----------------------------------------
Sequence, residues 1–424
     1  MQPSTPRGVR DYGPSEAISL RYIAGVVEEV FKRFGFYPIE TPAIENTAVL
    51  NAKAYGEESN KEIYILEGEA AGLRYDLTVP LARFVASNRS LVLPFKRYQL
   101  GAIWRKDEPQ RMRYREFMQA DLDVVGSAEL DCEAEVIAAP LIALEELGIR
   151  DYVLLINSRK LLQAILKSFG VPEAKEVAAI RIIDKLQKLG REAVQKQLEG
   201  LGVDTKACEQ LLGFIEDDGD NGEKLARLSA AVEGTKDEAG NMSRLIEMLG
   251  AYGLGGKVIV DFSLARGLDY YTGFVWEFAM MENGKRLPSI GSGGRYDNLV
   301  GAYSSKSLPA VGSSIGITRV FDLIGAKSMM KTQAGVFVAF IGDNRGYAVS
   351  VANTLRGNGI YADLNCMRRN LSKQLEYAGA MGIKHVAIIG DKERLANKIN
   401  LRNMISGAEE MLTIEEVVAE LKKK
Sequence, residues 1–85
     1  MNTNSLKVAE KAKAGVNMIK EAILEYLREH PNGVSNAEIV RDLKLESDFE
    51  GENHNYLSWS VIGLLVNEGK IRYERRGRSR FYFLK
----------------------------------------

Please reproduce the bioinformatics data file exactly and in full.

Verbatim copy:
Sequence, residues 1–424
     1  MQPSTPRGVR DYGPSEAISL RYIAGVVEEV FKRFGFYPIE TPAIENTAVL
    51  NAKAYGEESN KEIYILEGEA AGLRYDLTVP LARFVASNRS LVLPFKRYQL
   101  GAIWRKDEPQ RMRYREFMQA DLDVVGSAEL DCEAEVIAAP LIALEELGIR
   151  DYVLLINSRK LLQAILKSFG VPEAKEVAAI RIIDKLQKLG REAVQKQLEG
   201  LGVDTKACEQ LLGFIEDDGD NGEKLARLSA AVEGTKDEAG NMSRLIEMLG
   251  AYGLGGKVIV DFSLARGLDY YTGFVWEFAM MENGKRLPSI GSGGRYDNLV
   301  GAYSSKSLPA VGSSIGITRV FDLIGAKSMM KTQAGVFVAF IGDNRGYAVS
   351  VANTLRGNGI YADLNCMRRN LSKQLEYAGA MGIKHVAIIG DKERLANKIN
   401  LRNMISGAEE MLTIEEVVAE LKKK
Sequence, residues 1–85
     1  MNTNSLKVAE KAKAGVNMIK EAILEYLREH PNGVSNAEIV RDLKLESDFE
    51  GENHNYLSWS VIGLLVNEGK IRYERRGRSR FYFLK